•The amount of sleep that a healthy individual needs is largely determined by two factors: genetics and age. Genetics plays a role in both the amount of sleep a person needs, as well as his or her preference for waking up early (these are the so-called "larks," or morning-type individuals) or staying up late (these are the "owls," or evening-type people). Our internal biological clock, which regulates the cycling of many functions including the sleep/wake cycle, can vary slightly from individual to individual. Although our internal clock is set to approximately 24 hours, if your clock runs faster than 24 hours, you tend to be a "lark" and wake up early; if your clock runs more slowly, you tend to be an "owl" and go to bed later.
The majority of healthy adults require between 7.5 to 8.5 hours per 24-hour period. This is true from young adulthood through late in life, though many older people have difficulty sleeping in a single block of time each night. Generally, sleep needs during a 24-hour period follow this pattern: •Newborns (1 to 2 months) – 10.5 to 18 hours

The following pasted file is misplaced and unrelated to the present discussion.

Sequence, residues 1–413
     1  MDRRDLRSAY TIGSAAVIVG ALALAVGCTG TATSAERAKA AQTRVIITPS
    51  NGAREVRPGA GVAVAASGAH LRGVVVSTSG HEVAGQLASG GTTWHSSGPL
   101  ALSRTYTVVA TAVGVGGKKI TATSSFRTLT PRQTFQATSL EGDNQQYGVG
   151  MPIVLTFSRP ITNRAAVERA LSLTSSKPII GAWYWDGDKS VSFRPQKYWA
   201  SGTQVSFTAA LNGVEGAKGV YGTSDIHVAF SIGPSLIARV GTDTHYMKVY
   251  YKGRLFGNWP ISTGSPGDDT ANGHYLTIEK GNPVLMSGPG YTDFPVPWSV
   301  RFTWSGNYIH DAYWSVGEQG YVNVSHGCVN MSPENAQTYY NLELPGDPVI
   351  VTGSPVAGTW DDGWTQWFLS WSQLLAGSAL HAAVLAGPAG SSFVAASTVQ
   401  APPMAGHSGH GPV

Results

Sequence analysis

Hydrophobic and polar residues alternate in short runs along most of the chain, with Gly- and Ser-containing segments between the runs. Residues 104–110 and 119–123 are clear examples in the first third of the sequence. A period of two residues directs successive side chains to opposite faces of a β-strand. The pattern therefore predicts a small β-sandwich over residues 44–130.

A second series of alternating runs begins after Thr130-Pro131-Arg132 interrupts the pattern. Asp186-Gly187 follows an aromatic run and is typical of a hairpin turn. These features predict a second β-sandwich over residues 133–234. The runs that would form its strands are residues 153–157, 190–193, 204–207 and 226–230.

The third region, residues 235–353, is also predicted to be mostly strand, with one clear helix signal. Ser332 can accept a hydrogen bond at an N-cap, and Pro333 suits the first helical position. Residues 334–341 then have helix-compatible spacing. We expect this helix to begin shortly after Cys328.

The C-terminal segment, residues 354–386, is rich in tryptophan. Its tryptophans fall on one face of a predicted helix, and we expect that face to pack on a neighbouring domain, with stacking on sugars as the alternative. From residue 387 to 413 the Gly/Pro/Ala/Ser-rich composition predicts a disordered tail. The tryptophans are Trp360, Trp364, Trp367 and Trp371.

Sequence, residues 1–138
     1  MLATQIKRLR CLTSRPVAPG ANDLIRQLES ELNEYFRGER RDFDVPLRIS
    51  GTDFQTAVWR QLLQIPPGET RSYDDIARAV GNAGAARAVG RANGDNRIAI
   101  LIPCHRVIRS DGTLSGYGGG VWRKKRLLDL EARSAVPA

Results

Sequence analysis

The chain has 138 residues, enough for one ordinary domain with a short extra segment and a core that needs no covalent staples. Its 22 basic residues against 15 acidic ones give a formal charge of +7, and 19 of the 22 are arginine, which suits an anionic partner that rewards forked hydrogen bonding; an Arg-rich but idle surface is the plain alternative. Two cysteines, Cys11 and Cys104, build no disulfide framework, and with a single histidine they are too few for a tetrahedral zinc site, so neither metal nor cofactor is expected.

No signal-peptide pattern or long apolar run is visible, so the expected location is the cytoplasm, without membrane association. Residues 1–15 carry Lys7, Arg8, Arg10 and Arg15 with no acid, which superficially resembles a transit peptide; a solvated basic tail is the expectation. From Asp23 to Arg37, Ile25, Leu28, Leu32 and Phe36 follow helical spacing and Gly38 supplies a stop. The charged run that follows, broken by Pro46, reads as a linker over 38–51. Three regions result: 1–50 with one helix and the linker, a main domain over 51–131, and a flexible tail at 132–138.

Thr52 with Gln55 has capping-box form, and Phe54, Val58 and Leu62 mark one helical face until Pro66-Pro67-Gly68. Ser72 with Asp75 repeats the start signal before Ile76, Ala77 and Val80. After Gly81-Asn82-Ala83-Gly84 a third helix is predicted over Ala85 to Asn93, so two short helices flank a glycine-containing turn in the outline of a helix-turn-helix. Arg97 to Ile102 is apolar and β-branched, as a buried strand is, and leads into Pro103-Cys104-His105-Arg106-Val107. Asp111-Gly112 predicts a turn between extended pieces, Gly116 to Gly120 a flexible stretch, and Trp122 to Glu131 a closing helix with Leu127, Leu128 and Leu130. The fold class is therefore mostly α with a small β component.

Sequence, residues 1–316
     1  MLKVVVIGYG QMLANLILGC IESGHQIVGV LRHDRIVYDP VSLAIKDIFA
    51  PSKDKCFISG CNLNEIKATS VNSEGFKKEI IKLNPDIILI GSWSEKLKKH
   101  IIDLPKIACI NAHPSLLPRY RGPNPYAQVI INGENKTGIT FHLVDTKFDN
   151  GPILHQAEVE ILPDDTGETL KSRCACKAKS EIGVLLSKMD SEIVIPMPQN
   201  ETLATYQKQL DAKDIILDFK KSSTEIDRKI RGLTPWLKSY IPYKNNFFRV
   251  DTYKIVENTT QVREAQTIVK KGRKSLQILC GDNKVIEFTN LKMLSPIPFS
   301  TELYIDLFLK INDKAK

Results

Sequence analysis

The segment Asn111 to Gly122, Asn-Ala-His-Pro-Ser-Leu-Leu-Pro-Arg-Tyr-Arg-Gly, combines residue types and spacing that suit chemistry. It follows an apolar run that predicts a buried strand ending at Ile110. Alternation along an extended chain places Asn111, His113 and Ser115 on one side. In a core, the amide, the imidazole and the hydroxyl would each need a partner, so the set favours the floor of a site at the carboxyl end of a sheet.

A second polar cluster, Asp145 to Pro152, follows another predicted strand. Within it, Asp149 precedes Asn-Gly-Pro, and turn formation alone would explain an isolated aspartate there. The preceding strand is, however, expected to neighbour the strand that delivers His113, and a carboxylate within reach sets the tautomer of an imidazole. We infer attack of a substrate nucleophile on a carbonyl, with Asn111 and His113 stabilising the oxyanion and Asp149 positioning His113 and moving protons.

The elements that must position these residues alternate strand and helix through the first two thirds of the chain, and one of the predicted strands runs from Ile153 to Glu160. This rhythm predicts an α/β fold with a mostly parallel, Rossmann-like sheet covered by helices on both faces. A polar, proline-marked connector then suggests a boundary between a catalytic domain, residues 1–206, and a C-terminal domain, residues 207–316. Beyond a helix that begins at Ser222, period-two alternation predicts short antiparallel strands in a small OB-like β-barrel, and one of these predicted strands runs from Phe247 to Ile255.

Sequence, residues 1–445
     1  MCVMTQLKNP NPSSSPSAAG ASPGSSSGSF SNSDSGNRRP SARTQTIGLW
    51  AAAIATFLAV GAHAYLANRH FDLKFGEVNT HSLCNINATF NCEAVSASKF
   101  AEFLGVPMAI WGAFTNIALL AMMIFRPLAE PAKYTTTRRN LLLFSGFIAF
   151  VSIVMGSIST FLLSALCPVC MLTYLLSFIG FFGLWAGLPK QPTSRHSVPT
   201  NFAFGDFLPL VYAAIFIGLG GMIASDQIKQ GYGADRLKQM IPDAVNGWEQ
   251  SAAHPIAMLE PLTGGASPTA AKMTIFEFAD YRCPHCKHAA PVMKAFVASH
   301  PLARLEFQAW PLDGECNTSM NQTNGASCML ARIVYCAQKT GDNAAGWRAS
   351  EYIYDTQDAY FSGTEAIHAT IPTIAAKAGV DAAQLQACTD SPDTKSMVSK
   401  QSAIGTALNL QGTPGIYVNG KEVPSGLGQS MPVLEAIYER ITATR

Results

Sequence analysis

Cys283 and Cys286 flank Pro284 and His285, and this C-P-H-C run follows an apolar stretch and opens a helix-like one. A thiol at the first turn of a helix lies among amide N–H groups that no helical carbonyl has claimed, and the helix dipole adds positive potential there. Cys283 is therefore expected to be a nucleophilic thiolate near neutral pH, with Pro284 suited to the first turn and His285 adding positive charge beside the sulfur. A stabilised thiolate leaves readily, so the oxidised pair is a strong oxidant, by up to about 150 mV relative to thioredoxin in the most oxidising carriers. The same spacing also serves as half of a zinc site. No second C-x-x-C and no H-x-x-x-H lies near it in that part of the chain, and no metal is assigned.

•Infants (3 to 11 months) – 10 to 14 hours
•Toddlers (1 to 3 years) – 12 to 14 hours
•Preschoolers (3 to 5 years) – 11 to 13 hours
•School-aged children (5 to 12 years) – 10 to 11 hours
•Adolescents (12 to 18 years) – 8.5 to 9.5 hours
•Adults (18 years to the end of life) – 7.5 to 8.5 hours 1
Even without considering genetics and age, the National Sleep Foundation's 2008 Sleep in America poll found that many adults are apparently not meeting their sleep needs, sleeping an average of only 6 hours and 40 minutes during the week, and about 7.5 hours on the weekends.2 How can you tell if your sleep is adequate and meets your needs? Sleep scientists and physicians have a variety of methods to help identify if you are getting enough sleep. Pay attention to your sleepiness - Sleep needs and patterns of sleep and wakefulness are not the same for everyone. The first step...